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Wednesday, October 08, 2008

Obama fact check from the debate

OBAMA: "I believe this is a final verdict on the failed economic policies of the last eight years, strongly promoted by President Bush and supported by Senator McCain, that essentially said that we should strip away regulations, consumer protections, let the market run wild, and prosperity would rain down on all of us. It hasn't worked out that way. And so now we've got to take some decisive action."

THE FACTS: McCain has indeed favored less regulation over the years but supported tighter rules and accountability on Fannie Mae and Freddie Mac two years before the start of a financial crisis prompted in part by those giant mortgage underwriters. Obama was not a leader in that unsuccessful effort. Some of the current problems can be traced to legislation passed in 1999 that lifted many regulations over the financial industry. That deregulation was championed by then-Sen. Phil Gramm, R-Texas, a McCain supporter, but also by President Clinton, who signed the legislation, and by former Clinton Treasury Secretary Robert Rubin, now a top Obama economic adviser.


McCAIN: In a jab at Obama, McCain said that the last president to raise taxes during difficult economic times was Herbert Hoover during the Great Depression.

THE FACTS: While the recession of the early 1990s didn't compare to the Great Depression, Bill Clinton raised taxes.
— NBC News' blog First Read


OBAMA: Said McCain's proposal to give people a tax credit in exchange for treating employers' health insurance contributions as taxable wages amounts to "what one hand giveth, the other hand taketh away."

THE FACTS: Obama's suggestion that McCain's health care plan is a wash for families is misleading. McCain offers families a $5,000 tax credit to help them buy health insurance. The corresponding increase in taxable wages would result in a much smaller cost than the value of the tax credit, at least at first. Over time, the value of the tax credit may diminish as premiums rise. However, the Tax Policy Center estimates that McCain's plan would increase the federal deficit by $1.3 trillion over 10 years — mainly because it would lead to less tax revenue coming in, meaning it is a true tax break overall.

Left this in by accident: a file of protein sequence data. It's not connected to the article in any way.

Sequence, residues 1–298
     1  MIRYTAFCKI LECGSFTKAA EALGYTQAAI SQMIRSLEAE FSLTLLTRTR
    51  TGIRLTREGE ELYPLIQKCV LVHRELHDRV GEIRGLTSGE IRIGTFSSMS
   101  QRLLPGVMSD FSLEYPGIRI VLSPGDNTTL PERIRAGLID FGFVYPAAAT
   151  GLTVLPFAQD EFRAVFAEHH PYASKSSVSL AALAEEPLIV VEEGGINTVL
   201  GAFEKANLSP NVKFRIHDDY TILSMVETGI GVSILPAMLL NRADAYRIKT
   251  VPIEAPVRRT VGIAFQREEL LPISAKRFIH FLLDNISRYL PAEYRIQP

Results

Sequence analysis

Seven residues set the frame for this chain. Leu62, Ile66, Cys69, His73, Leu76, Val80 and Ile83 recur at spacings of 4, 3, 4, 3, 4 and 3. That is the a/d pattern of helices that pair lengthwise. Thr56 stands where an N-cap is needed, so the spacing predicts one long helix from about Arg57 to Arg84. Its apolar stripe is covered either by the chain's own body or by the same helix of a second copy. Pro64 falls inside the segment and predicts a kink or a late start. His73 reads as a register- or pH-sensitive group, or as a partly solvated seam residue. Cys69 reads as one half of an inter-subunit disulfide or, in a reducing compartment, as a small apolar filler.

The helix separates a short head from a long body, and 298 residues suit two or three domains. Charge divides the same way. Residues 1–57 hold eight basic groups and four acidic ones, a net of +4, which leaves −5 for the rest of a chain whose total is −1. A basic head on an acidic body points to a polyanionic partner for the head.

— The Associated Press


OBAMA: "Actually I'm cutting more than I'm spending so that it will be a net spending cut."

THE FACTS: Obama has many ambitious plans to spend more taxpayer dollars on a variety of federal programs, including clean energy technologies and job training. He's said he'll cut pork-barrel programs and the costs of the war in Iraq to pay for it — as well as raise taxes on the wealthy — but the specifics of his new spending plans greatly outweigh the few spending cuts he's identified.
— The Associated Press


OBAMA: "We're spending $10 billion dollars a month in Iraq, at a time when the Iraqis have a $79 billion dollar surplus — $79 billion dollars."

Well, not quite. As Factcheck.org put it, "The country was once projected to have as much as a $79 billion surplus, but no more. The Iraqis have $29 billion in the bank, and could have $47 billion to $59 billion by the end of the year."
— NBC News' blog First Read

Tuesday, October 07, 2008

obama and his terrorists buddies

Sol Stern
The Bomber as School Reformer http://www.city-journal.org/2008/eon1006ss.html
Voters—and debate moderators—shouldn’t let Bill Ayers and Barack Obama off the hook.
6 October 2008

Back in the early eighties, in an interview with David Horowitz and Peter Collier, Bill Ayers remembered his reaction upon learning that he would not be prosecuted by the government for his bombing spree as a member of the Weather Underground. “Guilty as hell, free as a bird—America is a great country,” he exulted. Ayers is now a university professor, but he must have been exulting all over again after reading Saturday’s front-page story in the New York Times.